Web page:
For me, travel time and expense for lodging/travel make a difference. I could probably pay my conference admission, but add in hotel, food, and airfare, and it quickly goes over budget, even if rooming with someone.

    The Seattle venue _is_ nice. Good downtown area, PASS knows how to work the conference center, MS is close, and a there’s a bunch of nightlife. However, it’s not something I could do annually unless someone else paid my way for everything.

    I hope the community gets to have a say in the final process. I think that’s probably one of the major complaints people had this time around. The community at large says “we should consider moving the conference.” The group in charge comes back with “we’re not moving for a while”. It felt very much like the decision was made without listening to the members as a whole.

    Thanks for sharing your thoughts, Tom. I know this is a touchy subject for everyone and appreciate what you are able to share with us.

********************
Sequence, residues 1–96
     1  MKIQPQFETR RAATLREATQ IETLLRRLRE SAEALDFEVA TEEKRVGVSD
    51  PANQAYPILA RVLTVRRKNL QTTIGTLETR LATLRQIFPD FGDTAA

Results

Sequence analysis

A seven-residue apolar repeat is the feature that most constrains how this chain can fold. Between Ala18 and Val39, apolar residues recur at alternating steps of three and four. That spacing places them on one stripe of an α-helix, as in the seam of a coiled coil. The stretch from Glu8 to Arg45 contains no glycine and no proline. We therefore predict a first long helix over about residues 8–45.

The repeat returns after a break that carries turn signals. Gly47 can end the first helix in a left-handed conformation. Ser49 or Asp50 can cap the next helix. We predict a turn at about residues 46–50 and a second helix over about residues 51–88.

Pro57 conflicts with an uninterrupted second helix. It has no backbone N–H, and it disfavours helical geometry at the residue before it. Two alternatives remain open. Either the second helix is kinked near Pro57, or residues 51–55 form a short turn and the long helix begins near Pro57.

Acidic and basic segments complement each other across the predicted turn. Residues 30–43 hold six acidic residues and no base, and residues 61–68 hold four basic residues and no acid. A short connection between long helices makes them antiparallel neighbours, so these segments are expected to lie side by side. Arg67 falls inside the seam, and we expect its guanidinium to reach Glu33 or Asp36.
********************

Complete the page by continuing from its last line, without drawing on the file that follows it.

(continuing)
• Thomas LaRock

      Thanks for the comment Peter, much appreciated.

  • I appreciate all the different perspectives on this, so this isn’t an argument against any of them, just the way I see it.

    I also realize that since I’m in Chicago there’s some indifference because West vs. East Coast is going to be about the same travel effort. And by the way, I’m not going to advocate bringing the Summit to Chicago… yuck!

    I like the Pacific Northwest, so the Summit is an excuse to go there at least once a year.